BF: Gordon's struggle with his place in Gotham’s bureaucracy was just such a great subplot. It was so nuanced and well-written. (Editor’s Note: My fangirl is showing, how embarrassing.)

GJ: Thanks.

BF: Just to end on a light note, there’s a kind of a running joke about Batman’s cape, was that a nod to Pixar's The Incredibles and their whole “capes get superheroes killed” bit?

GJ: No no, not at all actually.
BF: Before we go, do you have anything you’d like to add?

GJ: Just that Gary Frank, my artist and partner in crime on this thing, is great. He allows me to slow it down and let the emotional reactions of the characters tell the story. I don’t need to do narration when I work with somebody as talented as Gary. I think he’s just a master storyteller and I really can’t wait for people to see this body of work he’s done with our inker Jon Sibal and our colorist Brad Anderson.
To me, it seems like Geoff Johns might have been inspired by Brave & Bold's christmas episode where you learn that Batman's childish bratty behaviour lead to Thomas taking the family to see Zorro to cheer him up, which led to their deaths, thus Batman is carried by this huge guilt.

PS. Inbefore people hating on Geoff Johns for "ripping" off Tim Burton?

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Old 06-27-2012, 08:38 AM   #252
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Of course I already pre-ordered it, but I have to be honest here... I am pretty worried about this book. I don't get a great vibe from what I've seen so far. Not that the art isn't good, that I don't like the ideas Johns has presented in a few interviews, or anything like that.

Its more like I don't really trust Geoff to write a Batman I, as a mayor batfan, would enjoy. His writing suffered in the last few years and got progressively worse (really hated his JLA and particularly his Batman in that book).
To top it all off... he never seemed to really like the character that much, to be honest.
Viewed in that light, a lot of his ideas for the book sound more like a deconstruction of the Batman mythos and I don't know if I would enjoy that.

What are your thoughts?

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Old 07-03-2012, 02:49 PM   #253
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Batman Earth One in stores Tomorrow!



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Old 07-05-2012, 12:31 AM   #254
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Picked up my copy earlier today not bad at all. A very different take on the dark knight but not so much where is it's changing the back story we know. Overall really liked it. Better then superman earth one but then again I'm a lil bias lol.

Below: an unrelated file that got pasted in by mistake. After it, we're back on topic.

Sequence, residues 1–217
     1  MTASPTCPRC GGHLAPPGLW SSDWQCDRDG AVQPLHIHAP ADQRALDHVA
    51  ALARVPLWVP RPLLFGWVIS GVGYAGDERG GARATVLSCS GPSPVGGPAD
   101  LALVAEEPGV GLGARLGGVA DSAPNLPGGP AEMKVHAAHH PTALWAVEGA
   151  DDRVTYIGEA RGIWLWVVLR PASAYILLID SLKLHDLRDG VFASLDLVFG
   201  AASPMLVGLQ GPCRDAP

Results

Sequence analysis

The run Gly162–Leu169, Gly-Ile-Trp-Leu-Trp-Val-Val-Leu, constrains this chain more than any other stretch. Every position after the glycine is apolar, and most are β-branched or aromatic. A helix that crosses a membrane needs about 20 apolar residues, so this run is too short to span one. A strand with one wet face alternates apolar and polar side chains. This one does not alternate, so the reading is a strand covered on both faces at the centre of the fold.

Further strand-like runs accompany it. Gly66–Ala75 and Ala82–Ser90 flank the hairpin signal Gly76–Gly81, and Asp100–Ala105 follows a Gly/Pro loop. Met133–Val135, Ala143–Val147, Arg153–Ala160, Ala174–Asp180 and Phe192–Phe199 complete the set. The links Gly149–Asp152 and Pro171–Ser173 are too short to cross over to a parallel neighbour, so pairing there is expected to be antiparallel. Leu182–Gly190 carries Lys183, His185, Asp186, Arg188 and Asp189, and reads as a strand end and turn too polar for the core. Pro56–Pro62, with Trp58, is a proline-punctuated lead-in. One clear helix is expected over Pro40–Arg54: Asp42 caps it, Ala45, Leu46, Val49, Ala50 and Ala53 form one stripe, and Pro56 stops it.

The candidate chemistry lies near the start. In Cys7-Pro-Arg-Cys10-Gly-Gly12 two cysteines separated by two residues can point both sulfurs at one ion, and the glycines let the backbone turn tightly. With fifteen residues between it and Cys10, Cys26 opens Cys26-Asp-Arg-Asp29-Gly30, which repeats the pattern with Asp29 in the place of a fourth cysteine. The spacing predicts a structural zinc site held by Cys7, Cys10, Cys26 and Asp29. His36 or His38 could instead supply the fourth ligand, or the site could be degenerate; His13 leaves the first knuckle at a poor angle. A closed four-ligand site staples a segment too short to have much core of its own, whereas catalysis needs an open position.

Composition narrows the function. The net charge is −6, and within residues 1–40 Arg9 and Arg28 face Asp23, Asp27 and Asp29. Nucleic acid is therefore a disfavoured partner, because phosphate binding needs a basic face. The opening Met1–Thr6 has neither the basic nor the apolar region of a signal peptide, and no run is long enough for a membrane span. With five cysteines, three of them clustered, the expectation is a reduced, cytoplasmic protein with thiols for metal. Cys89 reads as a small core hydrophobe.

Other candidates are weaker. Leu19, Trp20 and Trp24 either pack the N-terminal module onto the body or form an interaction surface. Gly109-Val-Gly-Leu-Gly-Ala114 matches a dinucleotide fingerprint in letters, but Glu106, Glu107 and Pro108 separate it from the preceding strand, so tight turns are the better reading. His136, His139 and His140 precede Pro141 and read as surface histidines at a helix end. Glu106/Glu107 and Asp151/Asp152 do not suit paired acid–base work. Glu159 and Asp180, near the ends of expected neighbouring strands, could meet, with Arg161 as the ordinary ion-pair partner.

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Old 07-10-2012, 12:55 AM   #255
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Just closed the book.

It was interesting.

Things I liked:

- I liked this version of Alfred. He's always been an ex-military man (or military medic) and this is taken to the Nth degree in this version. He isn't "yes, Master Wayne, no Master Wayne." He is a friend and ally. And really, we've seen Alfred wielding a shotgun before -- but here he is just a tough guy. He's been through hell and came out the other side stronger. Interesting, as well, is how he wants revenge and vengeance just as much as Bruce does for what happened to Bruce's parents. And to the reader's satisfaction, the victory is just as much Alfred's as it is Bruce's.... maybe moreso.

- I always love a good incarnation of the Penguin/Oswald Cobblepot. I was sad to see him die so early in this series' run. But I liked seeing him as the corrupt mayor of Gotham. I was worried they were going to fall prey and have Cobblepot be responsible for the Wayne's murders but they pull a twist at the end showing that it was just Gotham that killed the Waynes. Just the randomness of crime in this broken city.

- Gordon has a great arc. He goes from a beaten, broken shell of a man to the Gordon that we know and love. His wife dies before the story takes place, and Gordon suspects that she was killed by the organized crime element in the city because he was a cop who wouldn't cooperate. Well, he cooperates now. Not for the money, but to protect the only person he has left in is life -- Barbara, his daughter (no mention of Jim Jr.). By story's end -- however -- he sees that a Gotham where those who are supposed to uphold law and order aren't honest isn't a Gotham that he wants Barbara to inherit. So he decides that he's had enough and he's going to do something about it -- it's a great moment in the book.